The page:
Medium-chain triacylglycerols: Oils commercially prepared by esterification of glycerol with octanoic (C8) and decanoic (C10) acids obtained from coconut and palm kernel oils. These esters are easily digested and are used for nutritional and pharmaceutical purposes. They are liquids with high oxidative stability and also find use as food-grade lubricants.
Miscella: Mixture of hexane and crude oil produced during solvent extraction of vegetable oils.
Micelle: Small colloidal aggregate formed in water by soluble amphiphiles (surfactants).
Monoacylglyceride (MAG): An acylglyceride with only one fatty acid molecule esterified to one of the hydroxyl groups on a glycerol molecule. MAGs are used as emulsifiers in bakery products, beverages, ice cream, chewing gum, shortening, whipped toppings, margarine and confections. They can be produced from TAG or DAG through chemical or enzymatic processes.
Myristic acid: Trivial name for the saturated fatty acid tetradecanoic acid (C14:0). This acid is present in coconut oil and palm kernel oil in significant amounts, 15-20 percent of the total fatty acids and is a minor component of most animal fats and fish oils.
Nervonic acid: Trivial name for the monounsaturated fatty acid 15cis tetracosenoic acid (C24:1).
Neutral lipids: These are non-polar lipids in contrast to polar lipids. Triacylglycerols, sterols, and sterol esters are some of the examples of neutral lipids.
Octadecadienoic acids: The most important octadecadienoic acid (C18:2) is linoleic acid (9cis 12cis isomer), which is present in virtually all seed oils. It is the first member of the n-6 family of polyene acids and is an important essential fatty acid.
Octadecanoic acid: It is the saturated fatty acid (C18:0) that is commonly known as stearic acid. This is the second most common saturated acid after hexadecanoic (palmitic) acid. It is a minor component of most vegetable oils but is present in larger amounts in cocoa butter (30-36 percent) and in ruminant fats (5-40 percent).
Octadecatetraenoic acid: It is a highly unsaturated fatty acid (C18:4). The 6cis, 9cis, 12cis, 15cis isomer is known as Stearidonic acid and a member of the n-3 family. The 4cis, 8cis, 12cis, 15cis isomer is referred to as moroctic or morotic acid.
Octadecatrienoic acids: The most common and important octadecatrienoic acid (C18:3) is α-linolenic acid (9cis, 12cis, 15cis isomer). This is a major component in drying oils such as linseed oil, 50-60 percent of the total fatty acids. It is a member of the n–3 family and is an essential fatty acid. The 5cis, 9cis, 12cis isomer is known as pinolenic acid and present in tall oil and in seed oils of many conifer species.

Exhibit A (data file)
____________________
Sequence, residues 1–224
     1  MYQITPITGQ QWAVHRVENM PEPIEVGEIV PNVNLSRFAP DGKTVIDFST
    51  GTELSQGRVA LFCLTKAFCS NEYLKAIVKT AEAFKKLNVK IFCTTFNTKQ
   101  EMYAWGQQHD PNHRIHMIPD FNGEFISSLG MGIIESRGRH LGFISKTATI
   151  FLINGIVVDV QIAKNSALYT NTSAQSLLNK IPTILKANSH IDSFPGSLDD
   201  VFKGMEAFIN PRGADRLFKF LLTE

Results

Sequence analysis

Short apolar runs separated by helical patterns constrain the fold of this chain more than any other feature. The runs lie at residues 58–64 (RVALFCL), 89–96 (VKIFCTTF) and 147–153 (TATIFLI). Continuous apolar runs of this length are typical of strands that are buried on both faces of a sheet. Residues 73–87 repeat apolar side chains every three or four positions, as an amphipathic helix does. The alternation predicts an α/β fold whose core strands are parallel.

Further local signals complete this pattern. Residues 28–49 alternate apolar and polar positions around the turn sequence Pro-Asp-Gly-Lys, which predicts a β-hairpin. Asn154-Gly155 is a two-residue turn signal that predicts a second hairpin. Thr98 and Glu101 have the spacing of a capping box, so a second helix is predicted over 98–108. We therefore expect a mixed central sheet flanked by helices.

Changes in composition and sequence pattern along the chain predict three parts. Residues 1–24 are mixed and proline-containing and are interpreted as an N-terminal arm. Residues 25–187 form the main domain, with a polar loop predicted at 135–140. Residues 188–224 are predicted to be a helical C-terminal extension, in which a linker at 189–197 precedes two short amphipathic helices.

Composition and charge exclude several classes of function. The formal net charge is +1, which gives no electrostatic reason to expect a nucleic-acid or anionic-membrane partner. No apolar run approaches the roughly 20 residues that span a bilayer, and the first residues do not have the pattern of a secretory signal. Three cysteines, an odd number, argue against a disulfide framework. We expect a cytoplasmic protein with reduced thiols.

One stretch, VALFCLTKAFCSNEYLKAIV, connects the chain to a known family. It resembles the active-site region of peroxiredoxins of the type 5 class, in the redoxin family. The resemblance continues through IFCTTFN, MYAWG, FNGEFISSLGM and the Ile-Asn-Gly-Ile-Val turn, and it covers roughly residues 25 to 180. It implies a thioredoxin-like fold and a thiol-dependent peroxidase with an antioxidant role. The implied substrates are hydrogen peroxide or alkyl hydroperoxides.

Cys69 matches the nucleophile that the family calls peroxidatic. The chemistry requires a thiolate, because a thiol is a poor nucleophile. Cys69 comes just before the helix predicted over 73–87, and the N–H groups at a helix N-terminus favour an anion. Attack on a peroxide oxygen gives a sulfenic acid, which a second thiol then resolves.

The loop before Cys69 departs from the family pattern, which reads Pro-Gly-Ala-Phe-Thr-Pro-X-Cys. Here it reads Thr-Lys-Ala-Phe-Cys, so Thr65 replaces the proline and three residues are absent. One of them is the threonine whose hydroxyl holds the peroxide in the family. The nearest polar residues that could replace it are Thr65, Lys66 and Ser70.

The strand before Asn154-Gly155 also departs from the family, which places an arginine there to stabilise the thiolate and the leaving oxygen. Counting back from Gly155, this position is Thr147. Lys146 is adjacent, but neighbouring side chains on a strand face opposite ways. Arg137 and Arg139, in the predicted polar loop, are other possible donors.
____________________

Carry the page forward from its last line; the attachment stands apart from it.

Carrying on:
Octadecenoic acids: The general name for any C18:1 acid including oleic, elaidic, vaccenic, petroselinic and petroselaidic.
Octanoic acid: It is an 8-carbon saturated fatty acid (C8:0) also known as caprylic acid. A medium-chain fatty acid occurring in the lauric oils and in Cuphea seed oils.
Oil: Oils are a subgroup of lipids and comprised of mostly triacylglycerides. They are liquid at room temperature and mainly originate from plants.
Oil bodies: Also referred to as oleosomes, oleosins or lipid bodies, they are cellular organelles in oil seed cells and contain mainly triacylglycerols.
Oleic acid: Trivial name for 9cis isomer of octadecenoic acid (C18:1), which is a monounsaturated fatty acid.
Olein: Liquid fraction produced by fractionation of oils or fats. It is most commonly produced from palm oil.
Oleochemicals: These are the compounds produced from natural oils and fats and include fatty acids, alcohols, methyl or other esters, amides and amines, dimer acids and dibasic acids, and are the basis of surfactants and other compounds.
Omega-3 Fatty Acids: They are abbreviated as n-3 or ω-3 (omega-3) acids. In general these polyunsaturated fatty acids have three or more cis unsaturated bonds separated from each other by one methylene group and having the first unsaturated on the third carbon from the methyl end of the molecule (Figure 1). α-Linolenic acid, eicosapentaenoic acid (EPA) and docosahexaenoic acid (DHA) are some examples for omega-3 fatty acids (see Fact Sheet FAPC-135).
Omega-6 Fatty Acids: They are abbreviated as n-6 or ω-6 (omega-6) acids. A family of polyunsaturated fatty acids with two or more cisunsaturated bonds separated from each other by one methylene group and having the first unsaturated bond on the sixth carbon from the methyl end of the molecule. Arachidonic acid (eicosatetraenoic acid) is an example for an omega-6 fatty acid.
Omega-9 Fatty Acids: They are abbreviated as n-9 or ω-9 (omega-9) acids. A family of polyunsaturated fatty acids with two or more cisunsaturated bonds separated from each other by one methylene group and having the first unsaturated bond on the ninth carbon from the methyl end of the molecule. Gondoic (20:1), erucic (22:1), nervonic (24:1), ximenic (26:1), octacosenoic (28:1) and lumequic acids (30:1) are some of the examples of omega-9 fatty acids.